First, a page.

The Council of Ministers has approved the regulatory development of the Deindexation Law of March 2015, which seeks to de-link the revision of prices of goods and services in the public sector from the IPC. This law was pending regulatory development for its full application. The regulations approved today assess the exceptions in which the reviews are allowed and establish the requirements that must be met in these cases, for example, that the review reflects a cost structure based on the principles of efficiency and good business management. . In this way, it is avoided that the Administration or users of public services have to bear the costs of those business practices that are not the best on the market.

The Law establishes as a general rule the prohibition of indexing in order to avoid the so-called “second round effects” and inflationary inertia. This protects the general economic activity from inflationary outbreaks, by preventing them from moving between the different sectors of the economy and from becoming permanent. Thus, certain prices in which the public sector intervenes, such as bus tickets, trains, motorway tolls, medicine prices, regulated prices for gas or electricity, cannot be indexed with respect to the CPI. Changes in these prices will no longer be automatic depending on the evolution of inflation and may only vary when there are other causes that have been previously justified and accredited.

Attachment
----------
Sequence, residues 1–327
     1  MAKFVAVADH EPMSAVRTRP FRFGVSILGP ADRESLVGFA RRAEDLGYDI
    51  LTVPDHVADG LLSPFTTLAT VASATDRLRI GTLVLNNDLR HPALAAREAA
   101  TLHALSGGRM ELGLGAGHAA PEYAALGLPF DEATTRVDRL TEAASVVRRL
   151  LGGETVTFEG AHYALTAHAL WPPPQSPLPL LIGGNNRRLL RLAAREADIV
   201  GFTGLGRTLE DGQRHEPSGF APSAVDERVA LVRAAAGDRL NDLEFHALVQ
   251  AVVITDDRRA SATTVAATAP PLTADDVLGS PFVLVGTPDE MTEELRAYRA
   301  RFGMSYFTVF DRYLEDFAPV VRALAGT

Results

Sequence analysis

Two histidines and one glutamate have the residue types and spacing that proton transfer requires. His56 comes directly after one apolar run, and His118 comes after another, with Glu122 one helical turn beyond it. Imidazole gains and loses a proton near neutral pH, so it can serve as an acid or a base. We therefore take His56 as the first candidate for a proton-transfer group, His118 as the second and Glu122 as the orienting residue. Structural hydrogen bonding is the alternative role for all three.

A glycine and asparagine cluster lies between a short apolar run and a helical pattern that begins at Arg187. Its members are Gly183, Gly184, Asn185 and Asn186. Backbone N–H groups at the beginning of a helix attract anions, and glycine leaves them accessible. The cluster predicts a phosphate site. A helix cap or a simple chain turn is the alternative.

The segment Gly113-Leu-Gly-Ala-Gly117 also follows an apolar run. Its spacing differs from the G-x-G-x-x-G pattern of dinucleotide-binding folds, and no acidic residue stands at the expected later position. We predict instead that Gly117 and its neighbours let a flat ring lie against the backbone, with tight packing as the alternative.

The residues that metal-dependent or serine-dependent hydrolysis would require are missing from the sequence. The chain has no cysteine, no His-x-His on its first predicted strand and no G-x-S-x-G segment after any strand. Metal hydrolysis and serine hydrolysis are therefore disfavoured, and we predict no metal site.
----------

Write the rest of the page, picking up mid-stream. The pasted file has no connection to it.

The law excludes from its scope of application salary negotiation, pensions and the issuance of public debt.

Exceptionally, the possibility of indexing is allowed in cases where this mechanism is necessary and efficient; that is, as long as this review reflects, in the most appropriate way possible, the evolution of the costs of the activity in question. Specifically, the regulation regulates the set of monetary values ​​that can benefit from the periodic review regime based on specific price indices. Three types of monetary values ​​are included in the list. Firstly, some regulated energy prices such as the butane cylinder, the last resort rate for natural gas, the transport and distribution of electricity or the Voluntary Price for the Small Consumer of Electricity (PVPC). Second, real estate leasing contracts in which the public sector is involved. Thirdly, contracts, for example works, and long-term public sector concessions, that is, those that require large investments and therefore a payback period for such investments that exceeds five years.

These indexations will generally be carried out using previously priced formulas that must be justified by a cost structure based on the principles of efficiency and good business management. Only the essential and significant costs for the activity and whose evolution is unpredictable will be considered. Individual prices or specific price indices reflecting those costs should be used. It is not allowed to index financial costs, amortizations, general and structural expenses, or industrial profit.

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